INDIAN ROCKS BEACH — There are more than a few red faces at City Hall as commissioners scramble to re-do a vote that threatens the city's financial future.
On Tuesday, the City Commission is scheduled to vote for the third time on its millage rate and 2008-2009 budget.
"Mistakes happen. When there is an error, we have to correct it," said Mayor R.B. Johnson.
At issue is the 4-1 vote split when the commission approved last week a 2.0 millage rate that represents a 20 percent increase in property taxes.
That was illegal under state law. For that kind of an increase they needed a unanimous vote.
But no one — not the city manager, not the city attorney, and not the city treasurer — spoke up to remind commissioners that a unanimous vote was vital to approve any millage rate of more than 1.89 mills, the original amount recommended by the city staff.
"It was a very unfortunate mistake by the city. I don't know how to say this in a nice way. It shouldn't have happened, but it did," said Commissioner Daniel Torres, whose single vote against the millage and the budget created the problem.
Now the commission is forced to call a special meeting at 7 p.m. Tuesday to fix the illegal vote.
If they don't, the city faces losing more than $100,000 in state funds.
"We have to have a unanimous vote if the millage rate is above 1.89," Interim City Manager Danny Taylor confirmed Thursday.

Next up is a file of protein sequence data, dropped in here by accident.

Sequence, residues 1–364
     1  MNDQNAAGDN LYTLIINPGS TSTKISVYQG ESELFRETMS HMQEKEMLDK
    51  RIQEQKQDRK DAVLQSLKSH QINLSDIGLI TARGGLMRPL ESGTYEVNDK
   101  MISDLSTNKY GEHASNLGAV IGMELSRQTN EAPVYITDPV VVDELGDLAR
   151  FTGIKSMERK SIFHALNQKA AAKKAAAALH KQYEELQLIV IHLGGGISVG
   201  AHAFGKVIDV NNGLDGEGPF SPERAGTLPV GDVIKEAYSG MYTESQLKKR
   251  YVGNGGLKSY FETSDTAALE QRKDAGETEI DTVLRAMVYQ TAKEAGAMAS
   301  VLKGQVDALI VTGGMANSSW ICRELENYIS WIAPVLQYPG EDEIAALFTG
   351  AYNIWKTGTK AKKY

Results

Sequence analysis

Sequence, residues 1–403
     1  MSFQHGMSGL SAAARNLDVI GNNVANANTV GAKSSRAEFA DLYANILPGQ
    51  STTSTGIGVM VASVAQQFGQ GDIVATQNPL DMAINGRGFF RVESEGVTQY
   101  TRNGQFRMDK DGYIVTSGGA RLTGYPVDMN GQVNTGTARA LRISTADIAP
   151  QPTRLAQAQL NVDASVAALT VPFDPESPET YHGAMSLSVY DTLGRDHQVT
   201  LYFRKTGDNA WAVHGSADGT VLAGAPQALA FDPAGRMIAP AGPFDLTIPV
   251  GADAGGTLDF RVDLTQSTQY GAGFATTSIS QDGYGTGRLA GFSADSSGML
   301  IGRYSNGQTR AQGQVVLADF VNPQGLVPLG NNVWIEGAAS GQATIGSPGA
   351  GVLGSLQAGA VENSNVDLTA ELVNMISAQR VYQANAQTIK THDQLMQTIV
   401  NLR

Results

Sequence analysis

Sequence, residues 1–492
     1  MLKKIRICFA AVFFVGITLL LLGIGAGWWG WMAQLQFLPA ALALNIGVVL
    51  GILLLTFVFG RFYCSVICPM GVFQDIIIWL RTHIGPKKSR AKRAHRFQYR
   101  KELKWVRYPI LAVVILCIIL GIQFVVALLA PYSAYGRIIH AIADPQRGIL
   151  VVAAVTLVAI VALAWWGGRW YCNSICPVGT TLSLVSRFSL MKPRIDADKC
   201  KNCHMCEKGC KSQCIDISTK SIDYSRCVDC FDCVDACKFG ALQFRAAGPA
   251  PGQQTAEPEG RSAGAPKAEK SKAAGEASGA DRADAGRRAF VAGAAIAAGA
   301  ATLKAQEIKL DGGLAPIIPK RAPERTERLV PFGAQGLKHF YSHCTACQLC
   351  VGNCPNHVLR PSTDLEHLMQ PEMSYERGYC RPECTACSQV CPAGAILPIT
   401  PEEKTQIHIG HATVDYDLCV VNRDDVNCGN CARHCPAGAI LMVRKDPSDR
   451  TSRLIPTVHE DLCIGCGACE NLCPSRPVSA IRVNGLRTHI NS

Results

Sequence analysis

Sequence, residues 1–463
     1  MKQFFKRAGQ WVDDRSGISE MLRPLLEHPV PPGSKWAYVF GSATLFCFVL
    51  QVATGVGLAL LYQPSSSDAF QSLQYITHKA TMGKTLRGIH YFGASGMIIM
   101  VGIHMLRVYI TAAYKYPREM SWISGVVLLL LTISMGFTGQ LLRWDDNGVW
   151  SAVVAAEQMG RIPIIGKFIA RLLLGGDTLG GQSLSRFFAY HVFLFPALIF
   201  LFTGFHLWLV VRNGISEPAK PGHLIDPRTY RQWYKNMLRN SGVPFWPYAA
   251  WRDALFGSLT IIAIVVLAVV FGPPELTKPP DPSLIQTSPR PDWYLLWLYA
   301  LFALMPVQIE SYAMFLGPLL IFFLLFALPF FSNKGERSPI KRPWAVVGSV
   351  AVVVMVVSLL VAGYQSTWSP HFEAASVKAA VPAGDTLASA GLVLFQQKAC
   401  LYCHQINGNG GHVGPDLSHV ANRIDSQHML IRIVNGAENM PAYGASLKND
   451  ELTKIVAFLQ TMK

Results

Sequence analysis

He said the error was discovered when a staff member started filling out an official form to report the city's approved millage rate. That form included instructions on the type of vote needed to increase the city's property tax rate.
Now, unless Torres is willing to change his vote, the commission must lower its millage rate to either 1.89 mills, which requires a super majority 4-1 vote, or even further to the rollback rate of 1.6531 mills, which requires only a simple majority.
Setting the millage at 1.89 mills would mean a drop of about $100,000 in revenue, a shortfall that could be covered by reserves, according to Taylor.
The rollback rate would result in a more drastic revenue shortfall, forcing the commission to either virtually eliminate all reserves or make significant cuts in its budget.
The city's reserves currently are very low because of more than $1-million in loans made in previous years to the city's sewer and waste collection funds.
Recently approved rate increases for sewer and garbage collection services will eventually pay back those general fund loans but it will take several years.
Instead of tapping reserves, one major spending item that may be considered for cuts is law enforcement.
The commission had considered significantly reducing patrolling on weekends, but rejected that last week by paying the $88,000 cost out of reserves.
That decision could be reversed and the money put back, Taylor said.
"We will have to negotiate among ourselves. One commissioner could hold us hostage, but I hope it doesn't happen," said Johnson.
Torres, who voted against the millage and the budget last week, indicated Friday that he is willing to vote for the 2.0 millage rate, mostly because he does not want to see law enforcement services cut back.
"I am not closing out my options. I had pushed for increasing sheriff's coverage. I think I will be willing to approve 2.0 mills," said Torres.